If you’ve bought, or are in the buying process, in real estate in the last 12-18 months, you’ve likely been a participant of a multiple offer situation. A multiple offer situation is when the seller receives more than one offer on the property they are selling. Oftentimes the seller may choose to negotiate independently but more often the seller will task the buyers to submit their strongest and final offer by a certain date/time. The seller will review all written offers, determine which offer hosts the best terms and conditions for them and award the successful bid accordingly. NOTE: For negotiation purposes, REALTORS® do not know details of other competing offers. If your offer is unsuccessful and you’re not in a hurry to get under contract with the next house, consider writing a backup offer. So what is a backup offer? A backup offer is made in acknowledgment of an existing offer and ensures a contract with the seller if that first (primary) offer falls through. It’s a legally binding contract that, if accepted by the seller, will put you next in line to purchase the home should the first buyer back out or is terminated for any reason. Should the primary contract terminate, the backup offer will step into the primary offer role. Meanwhile the property does not return to the market as active and available status nor does the seller need to continue the inconvenience of accommodating additional showings and offers. Backup offers are negotiated independently of the primary offer. For negotiation purposes, details of the terms and conditions of either offer are not disclosed. It is not until it becomes public record at closing when these details become available. For the seller, backup offers provide another layer of security in knowing their house will sell with some sense of a scheduled timeline. Additionally, having a back up offer in place provides the seller leverage for future negotiations within the terms of the primary contract. If the seller has a backup offer in place, she/he may be less likely to accept minimal, ‘nickel and dime’ repair requests based on the property inspection results. The buyer of the back up may favor the convenience of being in a backup position while continuing to shop for another home. If the (backup) buyer does find another home and is successful in the negotiations, he/she must terminate their backup offer. Although less than five percent of contingent offers are terminated, the purchase agreement offers terms and conditions the buyer (or seller) may terminate if negotiations and/or timelines are not met. One possible reason for termination in a multiple offer situation is if the buyer offers more in sale price (or appraisal gap) than they can realistically afford. You can see how backup offers can get complicated. Yet another reason working with a REALTOR®, who is hired to advocate for your best interest is key in navigating these complex transactions.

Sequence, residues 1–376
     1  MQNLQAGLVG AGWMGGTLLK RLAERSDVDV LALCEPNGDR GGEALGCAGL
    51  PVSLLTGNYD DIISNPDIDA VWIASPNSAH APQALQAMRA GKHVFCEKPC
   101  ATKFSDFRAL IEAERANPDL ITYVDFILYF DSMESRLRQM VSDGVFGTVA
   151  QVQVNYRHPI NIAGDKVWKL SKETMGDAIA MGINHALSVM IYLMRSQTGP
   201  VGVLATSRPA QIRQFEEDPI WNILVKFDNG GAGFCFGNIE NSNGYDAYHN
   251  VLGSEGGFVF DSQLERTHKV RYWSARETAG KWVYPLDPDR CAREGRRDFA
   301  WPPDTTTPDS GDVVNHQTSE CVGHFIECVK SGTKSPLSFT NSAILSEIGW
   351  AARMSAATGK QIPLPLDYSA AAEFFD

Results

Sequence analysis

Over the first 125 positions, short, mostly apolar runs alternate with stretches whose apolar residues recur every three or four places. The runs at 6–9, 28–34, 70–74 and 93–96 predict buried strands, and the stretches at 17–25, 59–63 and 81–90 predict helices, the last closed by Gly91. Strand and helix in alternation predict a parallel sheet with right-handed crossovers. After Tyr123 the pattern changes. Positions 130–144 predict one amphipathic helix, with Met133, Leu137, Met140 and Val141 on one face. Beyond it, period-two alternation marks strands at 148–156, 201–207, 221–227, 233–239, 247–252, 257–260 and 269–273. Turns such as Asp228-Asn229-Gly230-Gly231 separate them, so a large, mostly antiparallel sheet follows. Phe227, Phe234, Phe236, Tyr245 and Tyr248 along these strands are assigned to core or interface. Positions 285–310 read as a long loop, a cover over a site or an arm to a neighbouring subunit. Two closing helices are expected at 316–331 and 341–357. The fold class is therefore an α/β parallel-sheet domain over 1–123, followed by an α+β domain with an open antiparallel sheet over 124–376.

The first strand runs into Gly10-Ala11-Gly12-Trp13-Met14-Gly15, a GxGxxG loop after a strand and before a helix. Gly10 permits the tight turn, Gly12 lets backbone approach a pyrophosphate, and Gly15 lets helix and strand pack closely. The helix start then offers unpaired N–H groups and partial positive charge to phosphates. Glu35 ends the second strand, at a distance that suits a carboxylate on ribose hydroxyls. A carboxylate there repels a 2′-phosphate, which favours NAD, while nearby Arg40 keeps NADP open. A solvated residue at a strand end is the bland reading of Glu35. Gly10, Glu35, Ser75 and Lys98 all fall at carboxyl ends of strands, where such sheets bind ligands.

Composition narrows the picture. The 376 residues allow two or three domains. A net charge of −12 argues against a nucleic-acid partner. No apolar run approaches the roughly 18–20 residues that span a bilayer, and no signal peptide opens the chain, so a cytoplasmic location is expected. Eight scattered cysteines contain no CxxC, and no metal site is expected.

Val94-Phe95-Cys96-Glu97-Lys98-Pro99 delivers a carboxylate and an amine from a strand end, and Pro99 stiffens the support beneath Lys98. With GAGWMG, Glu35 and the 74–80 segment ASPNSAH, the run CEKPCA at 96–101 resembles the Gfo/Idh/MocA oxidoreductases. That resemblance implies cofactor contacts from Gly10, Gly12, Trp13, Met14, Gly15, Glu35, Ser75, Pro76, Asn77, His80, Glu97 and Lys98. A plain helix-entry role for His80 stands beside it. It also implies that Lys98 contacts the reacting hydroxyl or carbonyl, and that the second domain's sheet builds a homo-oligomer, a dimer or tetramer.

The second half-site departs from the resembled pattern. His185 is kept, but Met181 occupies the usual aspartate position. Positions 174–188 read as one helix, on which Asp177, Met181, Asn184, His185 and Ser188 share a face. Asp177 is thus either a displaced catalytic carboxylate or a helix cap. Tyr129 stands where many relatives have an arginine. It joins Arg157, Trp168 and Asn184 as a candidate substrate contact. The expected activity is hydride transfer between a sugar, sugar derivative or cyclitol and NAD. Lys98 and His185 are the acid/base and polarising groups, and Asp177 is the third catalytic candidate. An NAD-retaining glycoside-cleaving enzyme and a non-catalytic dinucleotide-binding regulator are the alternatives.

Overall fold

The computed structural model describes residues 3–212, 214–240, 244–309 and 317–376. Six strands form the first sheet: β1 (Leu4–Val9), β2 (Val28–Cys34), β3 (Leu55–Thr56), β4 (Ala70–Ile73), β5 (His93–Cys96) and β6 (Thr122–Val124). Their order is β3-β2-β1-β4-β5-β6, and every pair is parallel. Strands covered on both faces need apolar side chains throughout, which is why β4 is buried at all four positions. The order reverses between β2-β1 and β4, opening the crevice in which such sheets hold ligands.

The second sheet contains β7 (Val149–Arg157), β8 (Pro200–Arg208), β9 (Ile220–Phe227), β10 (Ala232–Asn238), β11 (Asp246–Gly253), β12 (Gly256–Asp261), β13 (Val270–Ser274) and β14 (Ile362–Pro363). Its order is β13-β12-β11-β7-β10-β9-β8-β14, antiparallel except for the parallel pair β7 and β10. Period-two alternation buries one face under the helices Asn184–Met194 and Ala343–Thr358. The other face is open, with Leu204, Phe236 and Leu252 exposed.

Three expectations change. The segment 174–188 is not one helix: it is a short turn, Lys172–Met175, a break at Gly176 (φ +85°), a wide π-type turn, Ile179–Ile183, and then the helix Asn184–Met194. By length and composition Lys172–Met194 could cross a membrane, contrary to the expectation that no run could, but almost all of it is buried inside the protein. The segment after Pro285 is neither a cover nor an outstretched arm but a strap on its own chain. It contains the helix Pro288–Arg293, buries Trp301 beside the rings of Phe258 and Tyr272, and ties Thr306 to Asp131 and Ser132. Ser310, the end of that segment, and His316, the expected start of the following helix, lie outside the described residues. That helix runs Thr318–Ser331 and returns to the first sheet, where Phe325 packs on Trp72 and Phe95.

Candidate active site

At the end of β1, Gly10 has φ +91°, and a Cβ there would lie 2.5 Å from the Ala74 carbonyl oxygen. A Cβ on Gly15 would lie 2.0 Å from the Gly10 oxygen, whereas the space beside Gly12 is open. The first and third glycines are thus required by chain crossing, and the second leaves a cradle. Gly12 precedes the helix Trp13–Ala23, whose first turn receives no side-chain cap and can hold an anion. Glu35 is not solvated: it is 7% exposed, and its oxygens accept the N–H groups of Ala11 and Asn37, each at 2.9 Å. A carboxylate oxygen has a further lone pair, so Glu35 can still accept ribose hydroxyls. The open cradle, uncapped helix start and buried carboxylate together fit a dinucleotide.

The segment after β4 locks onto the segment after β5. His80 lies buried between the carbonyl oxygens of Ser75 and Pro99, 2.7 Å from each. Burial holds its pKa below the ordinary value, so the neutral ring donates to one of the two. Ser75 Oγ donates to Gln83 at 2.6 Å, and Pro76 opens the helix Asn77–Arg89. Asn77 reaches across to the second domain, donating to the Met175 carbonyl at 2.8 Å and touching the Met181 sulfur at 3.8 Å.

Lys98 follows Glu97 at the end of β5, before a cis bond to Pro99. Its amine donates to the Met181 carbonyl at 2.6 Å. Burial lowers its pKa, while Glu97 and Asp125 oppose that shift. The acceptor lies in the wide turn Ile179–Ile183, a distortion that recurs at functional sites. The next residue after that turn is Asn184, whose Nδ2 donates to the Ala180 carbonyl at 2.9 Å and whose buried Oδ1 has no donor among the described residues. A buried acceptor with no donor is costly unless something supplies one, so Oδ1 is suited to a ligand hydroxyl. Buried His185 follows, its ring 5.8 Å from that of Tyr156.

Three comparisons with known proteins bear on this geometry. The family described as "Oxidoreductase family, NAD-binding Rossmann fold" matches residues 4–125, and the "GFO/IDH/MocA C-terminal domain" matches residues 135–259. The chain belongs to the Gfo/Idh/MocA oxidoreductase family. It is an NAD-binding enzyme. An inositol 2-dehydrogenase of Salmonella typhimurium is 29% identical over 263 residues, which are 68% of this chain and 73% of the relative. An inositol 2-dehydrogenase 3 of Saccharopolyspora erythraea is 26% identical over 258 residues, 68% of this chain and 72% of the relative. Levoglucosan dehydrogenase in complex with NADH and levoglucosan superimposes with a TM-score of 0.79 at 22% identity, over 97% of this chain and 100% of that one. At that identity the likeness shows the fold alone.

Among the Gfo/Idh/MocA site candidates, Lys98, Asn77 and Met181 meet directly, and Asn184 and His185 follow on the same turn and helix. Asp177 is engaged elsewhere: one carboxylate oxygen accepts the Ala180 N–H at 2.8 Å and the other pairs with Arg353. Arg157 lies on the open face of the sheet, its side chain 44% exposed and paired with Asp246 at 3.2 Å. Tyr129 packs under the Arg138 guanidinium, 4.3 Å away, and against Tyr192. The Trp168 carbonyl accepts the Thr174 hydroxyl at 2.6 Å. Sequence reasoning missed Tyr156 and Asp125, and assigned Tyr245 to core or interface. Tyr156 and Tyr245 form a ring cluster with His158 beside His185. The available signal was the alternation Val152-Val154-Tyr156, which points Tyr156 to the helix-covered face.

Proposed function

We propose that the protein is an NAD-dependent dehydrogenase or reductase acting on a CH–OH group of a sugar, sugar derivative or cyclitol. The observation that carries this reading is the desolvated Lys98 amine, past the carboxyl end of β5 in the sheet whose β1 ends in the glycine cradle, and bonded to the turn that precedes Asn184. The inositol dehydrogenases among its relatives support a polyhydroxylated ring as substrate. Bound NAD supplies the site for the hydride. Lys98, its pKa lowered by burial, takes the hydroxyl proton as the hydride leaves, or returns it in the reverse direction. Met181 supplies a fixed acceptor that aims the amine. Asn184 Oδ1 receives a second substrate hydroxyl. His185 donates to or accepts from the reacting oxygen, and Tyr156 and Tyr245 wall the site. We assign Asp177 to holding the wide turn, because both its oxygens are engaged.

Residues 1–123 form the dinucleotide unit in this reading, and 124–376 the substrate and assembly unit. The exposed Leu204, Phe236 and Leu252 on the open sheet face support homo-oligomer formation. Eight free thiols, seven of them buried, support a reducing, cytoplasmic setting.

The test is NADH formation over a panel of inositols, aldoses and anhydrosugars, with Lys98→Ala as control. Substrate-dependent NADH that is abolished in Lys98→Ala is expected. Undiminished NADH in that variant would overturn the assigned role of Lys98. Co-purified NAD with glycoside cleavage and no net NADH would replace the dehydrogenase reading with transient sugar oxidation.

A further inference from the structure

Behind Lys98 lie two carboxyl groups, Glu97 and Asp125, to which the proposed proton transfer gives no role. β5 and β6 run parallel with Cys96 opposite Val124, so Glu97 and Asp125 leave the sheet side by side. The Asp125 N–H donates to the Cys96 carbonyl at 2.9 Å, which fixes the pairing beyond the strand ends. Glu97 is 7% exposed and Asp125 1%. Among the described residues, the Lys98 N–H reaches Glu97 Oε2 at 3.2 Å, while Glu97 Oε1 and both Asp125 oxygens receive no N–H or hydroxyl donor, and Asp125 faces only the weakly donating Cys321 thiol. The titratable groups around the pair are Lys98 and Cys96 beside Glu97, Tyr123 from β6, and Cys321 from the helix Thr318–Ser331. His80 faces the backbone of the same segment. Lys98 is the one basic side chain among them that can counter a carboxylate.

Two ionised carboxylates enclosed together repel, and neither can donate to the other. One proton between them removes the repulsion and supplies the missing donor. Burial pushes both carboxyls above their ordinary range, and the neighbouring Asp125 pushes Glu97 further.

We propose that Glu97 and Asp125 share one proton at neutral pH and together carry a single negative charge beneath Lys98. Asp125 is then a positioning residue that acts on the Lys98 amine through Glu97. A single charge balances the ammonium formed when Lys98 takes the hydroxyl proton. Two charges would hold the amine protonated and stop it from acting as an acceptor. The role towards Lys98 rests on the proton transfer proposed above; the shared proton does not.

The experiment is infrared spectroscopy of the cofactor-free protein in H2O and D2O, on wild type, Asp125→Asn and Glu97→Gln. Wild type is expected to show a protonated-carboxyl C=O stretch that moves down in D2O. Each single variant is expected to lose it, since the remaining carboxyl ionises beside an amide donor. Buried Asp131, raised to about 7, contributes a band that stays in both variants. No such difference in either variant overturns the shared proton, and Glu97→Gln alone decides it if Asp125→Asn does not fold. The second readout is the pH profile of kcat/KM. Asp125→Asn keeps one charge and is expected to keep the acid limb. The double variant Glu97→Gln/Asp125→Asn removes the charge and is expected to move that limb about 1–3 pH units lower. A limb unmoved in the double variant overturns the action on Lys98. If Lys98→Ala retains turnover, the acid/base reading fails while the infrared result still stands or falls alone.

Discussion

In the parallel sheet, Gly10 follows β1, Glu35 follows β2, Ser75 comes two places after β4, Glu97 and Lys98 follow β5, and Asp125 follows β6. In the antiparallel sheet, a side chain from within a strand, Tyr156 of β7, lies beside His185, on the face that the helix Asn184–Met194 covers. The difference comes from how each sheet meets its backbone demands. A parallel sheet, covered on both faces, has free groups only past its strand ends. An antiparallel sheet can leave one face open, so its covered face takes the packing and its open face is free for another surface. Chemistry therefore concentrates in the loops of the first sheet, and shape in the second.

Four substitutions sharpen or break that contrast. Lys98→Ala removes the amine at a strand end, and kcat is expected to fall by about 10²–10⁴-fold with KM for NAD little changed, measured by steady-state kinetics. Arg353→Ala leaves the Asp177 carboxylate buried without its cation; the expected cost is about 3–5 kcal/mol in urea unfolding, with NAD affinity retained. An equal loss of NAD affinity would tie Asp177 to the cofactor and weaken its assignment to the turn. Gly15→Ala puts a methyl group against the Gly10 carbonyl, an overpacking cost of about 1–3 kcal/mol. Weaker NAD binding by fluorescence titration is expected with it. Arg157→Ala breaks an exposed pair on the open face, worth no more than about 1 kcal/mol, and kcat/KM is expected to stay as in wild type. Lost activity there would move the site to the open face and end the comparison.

Until next week, love where you live. And if you don’t… contact your local REALTOR®.
Brian Haufe, 2022 MBOR President